Sunday, July 19, 2009
First time lucky
COLUMN: TURNING POINTS IN LIFE
Sending the first story he wrote to M.T. Vasudevan Nair, the editor of the Mathrubhumi weekly and getting it published was the major turning point in author Sethu’s life
By Shevlin Sebastian
In 1966, when the writer Sethu wrote the Union Public Service Examination for the Assistant’s Grade exam, he could never have imagined the result. He secured the first rank in the All-India exam.
“For a person who came from a small village, Chendamangalam, and suffered from an inferiority complex it was a huge shot in the arm,” he says.
Thereafter, Sethu joined the Railway Board in New Delhi and stayed at Mahadevan Mess in Karol Bagh. It was there that he heard about the Kerala Club, which met every Friday.
“It was a place where young writers would meet and talk literature,” he says. Somebody would read a poem. Or a writer would present his new story, followed by discussions.
“Nearly everybody was young,” says Sethu. Among the members were O.V. Vijayan, Kakkanadan, M. Mukundan and Jayadevan. “Sometimes, VKN (Vadakke Koottala Narayanankutty Nair) would come,” he says.
After attending a few sessions, Sethu wondered whether he could write a story or not.
“I realized that the other guys were human beings like me,” he says. “So why could I also not try to write?”
Soon, he started writing and finished his first story. Instead of showing it to anybody, in an audacious move, he sent it to M.T. Vasudevan Nair, the editor of the Mathrubhumi weekly at Kozhikode. The story, ‘Dahikinnu Bhoomi’ (Parched Land), was about a severe drought in Bihar in 1966. Sethu had gone with his Bihari colleagues to have a look.
“It was a shock for a person who grew up in the midst of so much of greenery in Kerala to come across a land that was brown, where the wells and the rivers had dried up, and the people were in such misery,” he says.
Two weeks later, Sethu received a postcard from M.T. who wrote: ‘The story is nice and has been selected for publication’.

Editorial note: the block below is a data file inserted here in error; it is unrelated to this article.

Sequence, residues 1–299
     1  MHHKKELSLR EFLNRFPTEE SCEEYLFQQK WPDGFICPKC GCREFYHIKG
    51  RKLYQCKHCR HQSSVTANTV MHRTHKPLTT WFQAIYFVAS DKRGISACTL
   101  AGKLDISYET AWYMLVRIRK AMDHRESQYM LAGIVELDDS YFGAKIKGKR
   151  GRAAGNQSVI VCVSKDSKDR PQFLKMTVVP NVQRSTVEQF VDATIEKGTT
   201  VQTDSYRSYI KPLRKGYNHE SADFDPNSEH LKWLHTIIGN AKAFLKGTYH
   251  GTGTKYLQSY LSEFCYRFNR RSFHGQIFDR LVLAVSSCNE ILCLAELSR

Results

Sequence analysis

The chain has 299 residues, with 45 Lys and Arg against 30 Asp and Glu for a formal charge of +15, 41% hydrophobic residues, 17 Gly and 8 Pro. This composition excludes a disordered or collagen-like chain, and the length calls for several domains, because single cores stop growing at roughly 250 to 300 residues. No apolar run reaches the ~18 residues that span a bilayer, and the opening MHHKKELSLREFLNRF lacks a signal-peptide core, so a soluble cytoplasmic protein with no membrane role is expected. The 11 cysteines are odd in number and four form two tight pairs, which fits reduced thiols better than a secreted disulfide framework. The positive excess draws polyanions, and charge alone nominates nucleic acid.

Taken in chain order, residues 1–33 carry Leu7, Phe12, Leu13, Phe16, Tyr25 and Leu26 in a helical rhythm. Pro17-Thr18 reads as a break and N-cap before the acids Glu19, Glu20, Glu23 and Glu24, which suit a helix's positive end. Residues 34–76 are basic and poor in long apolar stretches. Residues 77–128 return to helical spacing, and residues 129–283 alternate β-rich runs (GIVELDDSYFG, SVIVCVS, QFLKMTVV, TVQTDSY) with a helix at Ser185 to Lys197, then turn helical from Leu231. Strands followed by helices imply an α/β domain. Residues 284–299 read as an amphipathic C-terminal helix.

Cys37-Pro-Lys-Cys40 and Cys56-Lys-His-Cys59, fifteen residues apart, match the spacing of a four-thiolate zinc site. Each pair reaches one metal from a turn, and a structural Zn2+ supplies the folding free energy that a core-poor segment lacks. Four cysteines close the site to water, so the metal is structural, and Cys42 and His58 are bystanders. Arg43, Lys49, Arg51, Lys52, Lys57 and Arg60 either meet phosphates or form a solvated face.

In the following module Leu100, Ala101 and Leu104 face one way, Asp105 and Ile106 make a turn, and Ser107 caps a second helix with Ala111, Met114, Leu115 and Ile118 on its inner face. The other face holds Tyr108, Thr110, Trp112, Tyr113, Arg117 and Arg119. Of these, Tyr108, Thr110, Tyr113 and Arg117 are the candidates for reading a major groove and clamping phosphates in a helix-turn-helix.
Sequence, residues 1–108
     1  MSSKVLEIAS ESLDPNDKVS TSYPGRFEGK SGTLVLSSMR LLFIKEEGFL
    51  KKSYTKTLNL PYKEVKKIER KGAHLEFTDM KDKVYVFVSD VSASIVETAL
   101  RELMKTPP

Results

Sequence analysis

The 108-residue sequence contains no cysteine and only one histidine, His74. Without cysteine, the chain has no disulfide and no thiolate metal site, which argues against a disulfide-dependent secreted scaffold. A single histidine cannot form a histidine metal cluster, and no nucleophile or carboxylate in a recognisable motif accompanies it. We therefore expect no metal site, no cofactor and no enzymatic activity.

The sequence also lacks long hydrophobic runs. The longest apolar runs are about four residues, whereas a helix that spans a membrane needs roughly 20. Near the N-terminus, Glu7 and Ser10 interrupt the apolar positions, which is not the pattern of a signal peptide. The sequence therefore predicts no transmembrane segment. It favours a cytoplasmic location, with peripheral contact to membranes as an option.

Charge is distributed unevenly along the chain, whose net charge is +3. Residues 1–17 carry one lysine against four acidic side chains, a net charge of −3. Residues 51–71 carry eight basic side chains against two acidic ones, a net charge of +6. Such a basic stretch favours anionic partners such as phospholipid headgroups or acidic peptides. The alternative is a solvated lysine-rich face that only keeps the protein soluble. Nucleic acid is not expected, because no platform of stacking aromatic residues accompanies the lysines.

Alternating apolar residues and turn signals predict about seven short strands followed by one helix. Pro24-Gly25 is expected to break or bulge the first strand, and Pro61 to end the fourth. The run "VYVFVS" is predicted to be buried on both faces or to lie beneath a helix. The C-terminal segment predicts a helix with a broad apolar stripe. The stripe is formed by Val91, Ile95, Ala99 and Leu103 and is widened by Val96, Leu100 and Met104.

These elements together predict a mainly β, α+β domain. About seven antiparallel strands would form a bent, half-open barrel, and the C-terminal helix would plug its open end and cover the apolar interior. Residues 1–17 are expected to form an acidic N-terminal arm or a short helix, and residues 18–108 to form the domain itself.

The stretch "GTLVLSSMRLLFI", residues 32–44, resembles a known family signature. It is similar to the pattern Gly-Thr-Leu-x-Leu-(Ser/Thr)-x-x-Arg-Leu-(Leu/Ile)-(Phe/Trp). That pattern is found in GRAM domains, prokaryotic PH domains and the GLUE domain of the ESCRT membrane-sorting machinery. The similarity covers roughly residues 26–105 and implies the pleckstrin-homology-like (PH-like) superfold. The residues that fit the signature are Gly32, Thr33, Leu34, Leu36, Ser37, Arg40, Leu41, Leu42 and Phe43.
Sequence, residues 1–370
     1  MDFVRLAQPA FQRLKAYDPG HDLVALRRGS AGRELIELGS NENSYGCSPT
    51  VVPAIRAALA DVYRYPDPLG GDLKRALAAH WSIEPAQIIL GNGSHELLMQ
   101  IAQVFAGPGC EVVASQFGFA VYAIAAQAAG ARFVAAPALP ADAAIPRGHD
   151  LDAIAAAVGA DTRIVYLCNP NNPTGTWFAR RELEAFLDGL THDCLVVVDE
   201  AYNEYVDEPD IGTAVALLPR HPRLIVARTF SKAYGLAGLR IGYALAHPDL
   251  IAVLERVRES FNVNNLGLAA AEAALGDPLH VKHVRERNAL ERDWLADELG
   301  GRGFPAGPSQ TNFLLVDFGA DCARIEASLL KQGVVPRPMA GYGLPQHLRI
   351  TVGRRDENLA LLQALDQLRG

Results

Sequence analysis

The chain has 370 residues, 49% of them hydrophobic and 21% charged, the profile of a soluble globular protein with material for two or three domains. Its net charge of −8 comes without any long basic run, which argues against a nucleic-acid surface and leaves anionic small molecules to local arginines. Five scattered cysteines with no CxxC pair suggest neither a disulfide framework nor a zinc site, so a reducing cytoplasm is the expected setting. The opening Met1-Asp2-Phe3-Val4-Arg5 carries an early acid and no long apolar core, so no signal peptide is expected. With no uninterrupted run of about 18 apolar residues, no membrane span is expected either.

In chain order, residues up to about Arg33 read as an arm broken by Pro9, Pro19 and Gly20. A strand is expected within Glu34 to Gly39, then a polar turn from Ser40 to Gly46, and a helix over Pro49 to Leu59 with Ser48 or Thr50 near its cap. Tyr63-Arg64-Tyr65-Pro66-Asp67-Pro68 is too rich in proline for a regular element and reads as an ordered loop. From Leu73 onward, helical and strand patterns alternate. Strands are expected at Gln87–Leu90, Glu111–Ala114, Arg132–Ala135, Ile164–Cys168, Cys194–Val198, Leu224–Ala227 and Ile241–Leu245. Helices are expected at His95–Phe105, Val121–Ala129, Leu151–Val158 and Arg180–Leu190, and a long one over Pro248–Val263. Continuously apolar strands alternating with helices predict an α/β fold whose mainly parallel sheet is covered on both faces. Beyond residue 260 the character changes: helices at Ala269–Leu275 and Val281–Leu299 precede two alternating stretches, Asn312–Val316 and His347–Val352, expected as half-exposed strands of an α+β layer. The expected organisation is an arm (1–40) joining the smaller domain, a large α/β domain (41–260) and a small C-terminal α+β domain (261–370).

“I was on the top of the world,” he says. “This was a huge turning point for me. To be published in Mathrubhumi was the ultimate dream for a writer. I knew I had the creative gift in me.” Soon, Sethu was launched on his literary career.
By this time he had tired of the Railway job, and appeared for the probationary officers’ exam of the State Bank of India. He was selected and assigned to the Faridkot branch, on the India-Pakistan border.
“It was a God-forsaken place,” he says. After several months, Sethu felt restless and wanted to leave. He met the managing director, K. Subramanium at his home in Patiala on a Sunday morning to plead for a transfer back to Delhi or any other metropolitan city.
“Subramaniam was hesitant,” says Sethu. “He knew that if he succumbed to such demands from a probationary officer, then everybody would be asking him the same thing.” But his wife, who was overhearing the conversation, suddenly said, “Help this young man.”
Subramaniam reflected for a while and said, “Will you accept a transfer to the State Bank of Travancore at Thiruvananthapuram?” For Sethu it was unbelievable. From Faridkot, back home to Thiruvananthapuram -- who could have imagined it? “This is how life turns in your favour,” he says.
In Thiruvananthapuram, sometime later, Sethu became a member of an informal group of writers and artists, which included film directors G. Aravindan, Padmarajan, Bharathan and actor Nedumudi Venu. “We used to meet at a hotel called Nikunjam, which was opposite to the Tagore theatre and discuss art, literature, films and politics.”
Meanwhile, Sethu’s novels and short story collections came out regularly. They included ‘Nangal Adimakal’ and ‘Nananja Mannu’.
One day, in 1977, M.T. suddenly called and said, “Sethu, do you have any novel with you?”
Sethu was shocked, because Mathrubhumi never asked for novels from younger writers. “Only Thakazhi, Basheer, Uroob, and other senior writers used to write,” he says.
When asked the reason why he was told that the serialisation of Lalithambika Antharjanam’s ‘Agnisakshi’, a landmark novel in Malayalam was about to end and Mathrubhumi did not have another good book.
Sethu did not have any novel, but he was toying with some ideas. “One of the themes was about a strange woman, rejected by her husband, who is thrown into the wilderness, and tries to create a past and justify her estrangement. It was a mix of realism and fantasy.”
MT said it was a good idea. Sethu started working on it but one day he got a shock when he opened the weekly: Mathrubhumi had put out an announcement, with a photograph of his, stating that his novel would be serialised soon.
“That was the kind of confidence MT had in me,” he says. Of course, Sethu rose up to the challenge and, later, this novel, ‘Pandavapuram’ became a landmark in Malayalam literature. It fetched Sethu the Kerala Sahitya Akademi award in 1982. So far, it has been reprinted 15 times.
Meanwhile, Sethu’s banking career was as successful: In 1999, he became the chairman and CEO of South Indian Bank. He was the rare man who could straddle the practical and creative worlds, and be successful in both.
“But when I look back all I can say is that I have been blessed with immense luck,” says Sethu at his beautiful home at West Kadungalloor, near Aluva.
(The New Indian Express, Kochi)